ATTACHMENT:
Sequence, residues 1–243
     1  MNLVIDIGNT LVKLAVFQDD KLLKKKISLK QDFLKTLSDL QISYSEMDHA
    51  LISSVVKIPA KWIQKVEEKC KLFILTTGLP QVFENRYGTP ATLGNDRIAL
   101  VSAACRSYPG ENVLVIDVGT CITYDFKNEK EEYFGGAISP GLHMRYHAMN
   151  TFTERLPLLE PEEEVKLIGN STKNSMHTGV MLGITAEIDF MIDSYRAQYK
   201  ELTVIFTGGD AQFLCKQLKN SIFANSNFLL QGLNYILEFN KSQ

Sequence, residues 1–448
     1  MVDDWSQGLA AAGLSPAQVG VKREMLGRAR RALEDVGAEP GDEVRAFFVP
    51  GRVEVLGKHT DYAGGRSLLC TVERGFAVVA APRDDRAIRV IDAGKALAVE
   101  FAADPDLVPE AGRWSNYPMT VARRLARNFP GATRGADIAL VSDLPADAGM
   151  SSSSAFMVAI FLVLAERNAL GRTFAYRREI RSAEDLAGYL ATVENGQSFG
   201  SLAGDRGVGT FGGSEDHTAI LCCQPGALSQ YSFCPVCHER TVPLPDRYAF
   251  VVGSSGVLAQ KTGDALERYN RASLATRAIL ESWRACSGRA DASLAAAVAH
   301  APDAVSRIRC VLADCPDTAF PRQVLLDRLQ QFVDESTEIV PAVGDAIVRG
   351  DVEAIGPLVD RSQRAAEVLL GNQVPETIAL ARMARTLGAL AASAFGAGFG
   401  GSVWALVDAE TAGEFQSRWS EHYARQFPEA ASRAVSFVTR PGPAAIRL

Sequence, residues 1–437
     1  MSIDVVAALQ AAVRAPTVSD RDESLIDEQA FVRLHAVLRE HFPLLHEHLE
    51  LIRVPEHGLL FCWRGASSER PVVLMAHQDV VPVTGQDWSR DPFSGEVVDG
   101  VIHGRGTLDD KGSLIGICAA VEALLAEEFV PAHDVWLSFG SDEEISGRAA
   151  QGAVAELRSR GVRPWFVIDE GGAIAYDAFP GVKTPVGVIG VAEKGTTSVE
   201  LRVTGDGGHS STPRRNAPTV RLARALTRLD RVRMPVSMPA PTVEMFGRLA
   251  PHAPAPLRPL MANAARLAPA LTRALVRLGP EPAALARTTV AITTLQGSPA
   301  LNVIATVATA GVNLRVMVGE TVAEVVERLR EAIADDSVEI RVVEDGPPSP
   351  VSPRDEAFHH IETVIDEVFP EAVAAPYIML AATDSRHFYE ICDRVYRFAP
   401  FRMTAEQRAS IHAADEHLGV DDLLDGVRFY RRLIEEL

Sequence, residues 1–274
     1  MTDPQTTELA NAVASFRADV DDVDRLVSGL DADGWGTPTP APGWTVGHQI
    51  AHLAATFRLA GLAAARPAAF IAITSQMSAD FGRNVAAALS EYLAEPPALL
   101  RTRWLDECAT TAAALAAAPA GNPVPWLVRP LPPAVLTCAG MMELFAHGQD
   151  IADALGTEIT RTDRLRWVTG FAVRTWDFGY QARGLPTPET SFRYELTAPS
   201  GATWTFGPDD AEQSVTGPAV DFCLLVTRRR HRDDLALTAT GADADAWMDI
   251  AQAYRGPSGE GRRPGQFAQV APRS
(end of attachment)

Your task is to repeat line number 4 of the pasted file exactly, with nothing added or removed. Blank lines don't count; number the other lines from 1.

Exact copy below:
   101  VSAACRSYPG ENVLVIDVGT CITYDFKNEK EEYFGGAISP GLHMRYHAMN